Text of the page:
Assignment to 6 months of adjuvant trastuzumab was non-inferior to 12 months trastuzumab in women with HER2-positive, early breast cancer, according to the results of the PERSEPHONE trial presented at the 2018 ASCO Annual Meeting in Chicago, Illinois.1

“Six months compared with 12 months treatment reduces cardiac and other toxicities as well as costs both to patients and the health care system,” said Helena Margaret Earl, MD, of the University of Cambridge. “These exciting results mark the first steps to the reduction of treatment duration for many women with HER2-positive breast cancer.”

According to Dr Earl, more than a decade ago the results of several trials started showing the benefit of adjuvant trastuzumab in patients with HER2-postive early breast cancer.

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Trastuzumab gained FDA approval based on the results of these trials, which assigned trastuzumab for a duration of 12 months. In 2006, the small FinHer study showed similar outcomes with just 9 weeks trastuzumab used concurrently with docetaxel upfront.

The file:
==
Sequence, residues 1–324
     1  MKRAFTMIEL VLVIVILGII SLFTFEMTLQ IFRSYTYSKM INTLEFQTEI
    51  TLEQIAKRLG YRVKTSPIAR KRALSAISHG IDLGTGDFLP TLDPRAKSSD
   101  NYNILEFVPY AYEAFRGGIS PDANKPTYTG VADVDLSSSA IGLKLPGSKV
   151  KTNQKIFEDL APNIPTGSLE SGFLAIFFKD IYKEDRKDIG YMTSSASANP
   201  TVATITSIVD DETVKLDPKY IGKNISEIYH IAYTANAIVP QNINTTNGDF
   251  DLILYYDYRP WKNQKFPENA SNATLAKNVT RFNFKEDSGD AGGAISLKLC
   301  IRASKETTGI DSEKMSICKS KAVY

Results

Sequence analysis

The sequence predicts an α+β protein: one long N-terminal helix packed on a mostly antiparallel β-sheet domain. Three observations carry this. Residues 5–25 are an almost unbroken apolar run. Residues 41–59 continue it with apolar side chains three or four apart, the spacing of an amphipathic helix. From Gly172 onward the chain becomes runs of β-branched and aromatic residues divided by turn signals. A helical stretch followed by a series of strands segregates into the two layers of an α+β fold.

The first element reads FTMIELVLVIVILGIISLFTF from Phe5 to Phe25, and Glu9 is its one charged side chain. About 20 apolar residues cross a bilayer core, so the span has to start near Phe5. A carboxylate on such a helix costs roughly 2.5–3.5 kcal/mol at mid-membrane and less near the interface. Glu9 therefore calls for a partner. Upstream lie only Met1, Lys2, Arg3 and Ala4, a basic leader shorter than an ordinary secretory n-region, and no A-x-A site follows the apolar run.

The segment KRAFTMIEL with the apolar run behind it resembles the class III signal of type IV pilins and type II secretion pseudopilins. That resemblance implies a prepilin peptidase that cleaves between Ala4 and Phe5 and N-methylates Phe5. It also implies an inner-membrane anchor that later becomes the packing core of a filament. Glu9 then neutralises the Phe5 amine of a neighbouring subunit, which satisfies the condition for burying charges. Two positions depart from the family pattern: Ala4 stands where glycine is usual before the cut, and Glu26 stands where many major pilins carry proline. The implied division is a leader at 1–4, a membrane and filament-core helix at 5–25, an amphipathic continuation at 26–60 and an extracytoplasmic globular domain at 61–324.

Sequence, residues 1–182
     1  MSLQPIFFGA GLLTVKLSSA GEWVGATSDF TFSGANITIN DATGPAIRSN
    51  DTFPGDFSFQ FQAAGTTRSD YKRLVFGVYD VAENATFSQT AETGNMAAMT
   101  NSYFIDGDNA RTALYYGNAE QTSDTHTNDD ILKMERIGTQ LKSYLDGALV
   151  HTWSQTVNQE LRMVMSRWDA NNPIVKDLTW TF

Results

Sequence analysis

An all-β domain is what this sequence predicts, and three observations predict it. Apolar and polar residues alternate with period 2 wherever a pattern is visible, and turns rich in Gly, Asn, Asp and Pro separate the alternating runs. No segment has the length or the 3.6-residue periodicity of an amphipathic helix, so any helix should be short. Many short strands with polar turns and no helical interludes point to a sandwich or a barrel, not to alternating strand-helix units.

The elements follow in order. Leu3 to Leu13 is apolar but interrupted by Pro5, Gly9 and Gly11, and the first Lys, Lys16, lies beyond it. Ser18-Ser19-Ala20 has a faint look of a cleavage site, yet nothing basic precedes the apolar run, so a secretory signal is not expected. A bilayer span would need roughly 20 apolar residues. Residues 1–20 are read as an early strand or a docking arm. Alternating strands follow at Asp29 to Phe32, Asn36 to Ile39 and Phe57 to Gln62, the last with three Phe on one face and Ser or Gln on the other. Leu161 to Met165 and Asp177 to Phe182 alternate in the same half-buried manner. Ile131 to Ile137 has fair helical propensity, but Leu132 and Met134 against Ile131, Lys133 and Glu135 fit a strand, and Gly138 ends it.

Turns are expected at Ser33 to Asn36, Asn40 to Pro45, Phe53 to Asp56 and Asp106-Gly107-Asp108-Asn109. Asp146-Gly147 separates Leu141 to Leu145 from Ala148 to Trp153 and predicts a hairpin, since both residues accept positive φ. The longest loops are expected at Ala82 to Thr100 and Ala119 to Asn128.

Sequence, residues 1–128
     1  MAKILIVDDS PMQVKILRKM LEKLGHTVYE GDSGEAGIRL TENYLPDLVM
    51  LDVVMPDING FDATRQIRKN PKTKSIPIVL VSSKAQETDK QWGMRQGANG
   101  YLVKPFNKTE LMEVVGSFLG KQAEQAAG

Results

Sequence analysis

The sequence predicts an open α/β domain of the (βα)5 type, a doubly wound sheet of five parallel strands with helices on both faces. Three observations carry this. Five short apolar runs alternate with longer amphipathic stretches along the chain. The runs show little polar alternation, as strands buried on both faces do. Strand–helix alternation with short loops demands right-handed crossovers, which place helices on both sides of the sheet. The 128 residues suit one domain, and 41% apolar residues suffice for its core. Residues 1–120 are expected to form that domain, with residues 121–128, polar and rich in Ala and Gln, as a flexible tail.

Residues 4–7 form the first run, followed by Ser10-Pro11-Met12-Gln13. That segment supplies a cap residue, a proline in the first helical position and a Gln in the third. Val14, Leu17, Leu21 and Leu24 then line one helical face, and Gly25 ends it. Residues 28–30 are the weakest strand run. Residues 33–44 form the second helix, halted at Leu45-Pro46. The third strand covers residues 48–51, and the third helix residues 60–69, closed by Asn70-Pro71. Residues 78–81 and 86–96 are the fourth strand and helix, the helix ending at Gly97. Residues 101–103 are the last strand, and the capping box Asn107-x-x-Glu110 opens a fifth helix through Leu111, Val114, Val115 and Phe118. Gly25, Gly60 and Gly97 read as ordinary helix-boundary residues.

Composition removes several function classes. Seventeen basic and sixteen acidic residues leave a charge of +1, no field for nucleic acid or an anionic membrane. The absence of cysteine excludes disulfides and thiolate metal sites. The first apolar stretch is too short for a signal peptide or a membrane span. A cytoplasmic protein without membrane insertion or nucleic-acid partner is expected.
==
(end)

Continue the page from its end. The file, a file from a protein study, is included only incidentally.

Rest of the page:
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The question remained if reduced duration trastuzumab would have similar outcomes. PERSEPHONE was designed to see if 6 months trastuzumab would have similar efficacy but with reduced toxicity and cost. The phase 3 trial included 4088 women who were randomly assigned to either 6 months or 12 months of trastuzumab. All patients had to have a clear indication for chemotherapy and no evidence of metastatic disease. Disease-free survival was the primary outcome.

With a median follow-up of 5.4 years, there was no difference in disease-free survival found between the two arms. Disease-free survival at 4 years was 89.8% in the 12-month arm and 89.4% in the 6-month arm (non-inferiority P < .01). A predefined subgroup analysis showed that among patients who underwent trastuzumab given concurrently with chemotherapy a 12-month duration seemed to be of more benefit.